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Did you know that 98 percent of today’s 6,000+ (and counting) U.S. breweries are independent, but make up only 13 percent of the beer market by volume? Most don’t. Which is why the Brewers Association introduced the Independent Craft Brewers Seal.
If you’ve paid attention to the packaging of the beers you’ve drank over the past year or so, you may have noticed an upside down beer bottle has made it’s way on to many of the label of your favorite beer. If that’s the case, congratulations! You are drinking a truly independent craft beer. And if you haven’t paid attention yet, here’s a quick video sample of the Brewers Association’s “That’s Independence You’re Tasting” campaign, some fresh publicity that turns the freedom, rock n’ roll, and mountain vibes up to 11, much like the Budweiser commercials did back in the day:
Dammit, now I need a beer…
So why is this important? Because in today’s ever-consolidating beer market, it’s becoming increasingly harder to tell when you’re drinking a craft beer, or something that simply looks like a craft brew.
It all comes back to market share, something “macrobrewers” like Anheuser-Busch and Heineken have been losing in recent years. In an effort to regain their shrinking foothold in the market against craft brewers like Elysian Brewing, Wicked Weed, and Breckenridge Brewery in recent years, Anheuser-Busch has simply purchased these breweries (along with a long list of others acquired by ‘big beer’).
Sure it’s just business, and acquisitions are a standard growth practice used across pretty much any industry; but for such an artisanal industry like beer, when a craft brewer gets purchased by organizations driven by revenues, operating margins, and cost-cutting, it sort of takes the “craft” out of the craft beer.
That’s why Julia Herz and her team at the Brewers Association came up with the new Independent Craft Brewers Seal. Julia is the Craft Beer Program Director for the Brewers Association, and she is on a mission to make sure beer-drinkers “Seek The Seal” when they are looking for their next beverage.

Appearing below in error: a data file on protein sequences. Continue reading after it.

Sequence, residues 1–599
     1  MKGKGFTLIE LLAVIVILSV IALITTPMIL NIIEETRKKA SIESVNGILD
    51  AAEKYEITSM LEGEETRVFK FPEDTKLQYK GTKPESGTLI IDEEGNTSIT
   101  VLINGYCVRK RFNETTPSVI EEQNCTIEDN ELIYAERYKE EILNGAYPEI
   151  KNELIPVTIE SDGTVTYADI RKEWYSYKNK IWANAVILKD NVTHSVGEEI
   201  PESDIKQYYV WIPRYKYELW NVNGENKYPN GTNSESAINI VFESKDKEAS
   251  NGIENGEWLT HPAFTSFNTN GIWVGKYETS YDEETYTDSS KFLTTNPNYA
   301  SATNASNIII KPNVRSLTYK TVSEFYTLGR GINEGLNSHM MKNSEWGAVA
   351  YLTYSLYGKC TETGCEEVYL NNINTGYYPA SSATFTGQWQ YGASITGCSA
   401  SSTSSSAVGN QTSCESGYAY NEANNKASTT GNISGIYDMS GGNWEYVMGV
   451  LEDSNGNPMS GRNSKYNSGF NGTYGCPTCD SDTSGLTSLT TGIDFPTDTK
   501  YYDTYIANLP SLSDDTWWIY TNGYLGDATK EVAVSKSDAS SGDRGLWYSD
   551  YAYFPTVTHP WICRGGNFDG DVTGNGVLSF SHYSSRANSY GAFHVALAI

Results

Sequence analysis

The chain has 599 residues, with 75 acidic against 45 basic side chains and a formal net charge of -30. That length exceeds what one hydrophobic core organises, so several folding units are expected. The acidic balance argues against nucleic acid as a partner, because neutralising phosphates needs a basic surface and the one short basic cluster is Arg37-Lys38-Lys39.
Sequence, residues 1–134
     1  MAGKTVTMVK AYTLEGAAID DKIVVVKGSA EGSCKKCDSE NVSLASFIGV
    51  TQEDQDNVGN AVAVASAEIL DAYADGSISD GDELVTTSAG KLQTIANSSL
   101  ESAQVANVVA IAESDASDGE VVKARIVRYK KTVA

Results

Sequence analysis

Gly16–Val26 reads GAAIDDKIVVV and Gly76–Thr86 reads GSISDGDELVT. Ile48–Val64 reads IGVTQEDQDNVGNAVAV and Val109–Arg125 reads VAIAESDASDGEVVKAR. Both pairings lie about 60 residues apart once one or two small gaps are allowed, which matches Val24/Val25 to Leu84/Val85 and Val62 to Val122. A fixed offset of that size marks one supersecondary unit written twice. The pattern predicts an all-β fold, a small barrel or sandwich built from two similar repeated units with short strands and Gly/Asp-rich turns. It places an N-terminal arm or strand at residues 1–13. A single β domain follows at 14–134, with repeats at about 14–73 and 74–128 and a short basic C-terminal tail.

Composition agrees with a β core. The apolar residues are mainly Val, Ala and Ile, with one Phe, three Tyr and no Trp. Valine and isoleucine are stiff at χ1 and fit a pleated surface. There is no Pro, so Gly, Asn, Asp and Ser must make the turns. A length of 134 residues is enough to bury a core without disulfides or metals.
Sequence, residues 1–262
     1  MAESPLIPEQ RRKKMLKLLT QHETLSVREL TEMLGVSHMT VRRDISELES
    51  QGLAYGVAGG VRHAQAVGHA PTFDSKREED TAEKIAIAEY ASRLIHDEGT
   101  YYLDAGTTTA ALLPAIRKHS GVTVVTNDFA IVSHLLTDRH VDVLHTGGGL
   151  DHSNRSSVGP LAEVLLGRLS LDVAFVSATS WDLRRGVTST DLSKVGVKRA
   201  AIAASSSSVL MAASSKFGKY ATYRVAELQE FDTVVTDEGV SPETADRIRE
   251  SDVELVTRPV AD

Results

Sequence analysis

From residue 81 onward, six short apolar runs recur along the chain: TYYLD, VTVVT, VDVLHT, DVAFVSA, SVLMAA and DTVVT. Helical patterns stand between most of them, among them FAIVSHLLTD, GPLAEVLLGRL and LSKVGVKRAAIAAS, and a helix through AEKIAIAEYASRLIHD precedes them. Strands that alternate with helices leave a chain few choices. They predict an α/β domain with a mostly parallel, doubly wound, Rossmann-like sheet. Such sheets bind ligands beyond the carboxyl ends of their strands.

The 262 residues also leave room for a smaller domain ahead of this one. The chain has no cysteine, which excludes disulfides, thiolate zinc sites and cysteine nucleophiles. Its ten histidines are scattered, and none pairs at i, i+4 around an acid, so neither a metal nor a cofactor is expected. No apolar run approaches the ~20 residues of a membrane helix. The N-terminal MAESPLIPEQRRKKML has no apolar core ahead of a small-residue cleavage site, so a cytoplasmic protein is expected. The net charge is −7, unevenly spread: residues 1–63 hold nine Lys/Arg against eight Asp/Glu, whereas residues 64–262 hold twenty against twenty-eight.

In a recent Pubcast interview at the 2018 Great American Beer Festival, Julia shares why the Independent Craft Brewers Seal is so necessary in leveling the playing field:
“We want to see a balanced beer marketplace. When 98% of the breweries only have less than 13% of the beer share by volume, then we need to do some work to differentiate.
Things started to get murky a few years ago when ‘big beer’ started to acquire formerly independent breweries. You’ve got double-digits of numbers of breweries that have been acquired…and this is somewhat of a common model of big corporations buying out the small guys and gals to learn from them and absorb their brand mojo, but the bottom line is that we’re not seeing transparency in the marketplace. You’re not seeing from Constellation, Anheuser-Busch InBev, Molson Coors, Heineken, you’re not seeing them put their names as the parent company of the brands that they’ve procured.
And so we flipped the script. Since they’re not going to put their parent company name on those brands that were formerly independent, we’re giving craft brewers the opportunity to say that ‘We are independently owned.’”
While the average beer drinker likely won’t taste whether the beer they have is brewed by a large international brewery or the independent craft brewery that just opened in the revitalized warehouse district next door, the Seal is giving true craft breweries a differentiator against “big beer.” While operating profitably is important for all breweries, big or small, it’s certainly a nice tool that gives small businesses an even better opportunity to compete.
If you’re looking for more information on the Independent Craft Brewers Seal, make sure to listen to the full episode with Julia where she shares all the details behind the seal, what it stands for, and why it’s more important than ever for beer drinkers to #SeekTheSeal and support independent craft breweries.